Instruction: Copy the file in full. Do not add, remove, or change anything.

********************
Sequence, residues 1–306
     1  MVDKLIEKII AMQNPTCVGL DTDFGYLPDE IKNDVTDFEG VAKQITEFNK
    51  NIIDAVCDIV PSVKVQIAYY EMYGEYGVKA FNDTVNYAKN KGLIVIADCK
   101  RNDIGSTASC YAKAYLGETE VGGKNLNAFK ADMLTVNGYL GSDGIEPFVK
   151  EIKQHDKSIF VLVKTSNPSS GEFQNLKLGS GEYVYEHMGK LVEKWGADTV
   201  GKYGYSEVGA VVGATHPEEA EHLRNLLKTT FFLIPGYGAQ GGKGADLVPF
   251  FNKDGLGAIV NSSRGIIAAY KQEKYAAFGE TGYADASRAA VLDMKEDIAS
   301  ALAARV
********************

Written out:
Sequence, residues 1–306
     1  MVDKLIEKII AMQNPTCVGL DTDFGYLPDE IKNDVTDFEG VAKQITEFNK
    51  NIIDAVCDIV PSVKVQIAYY EMYGEYGVKA FNDTVNYAKN KGLIVIADCK
   101  RNDIGSTASC YAKAYLGETE VGGKNLNAFK ADMLTVNGYL GSDGIEPFVK
   151  EIKQHDKSIF VLVKTSNPSS GEFQNLKLGS GEYVYEHMGK LVEKWGADTV
   201  GKYGYSEVGA VVGATHPEEA EHLRNLLKTT FFLIPGYGAQ GGKGADLVPF
   251  FNKDGLGAIV NSSRGIIAAY KQEKYAAFGE TGYADASRAA VLDMKEDIAS
   301  ALAARV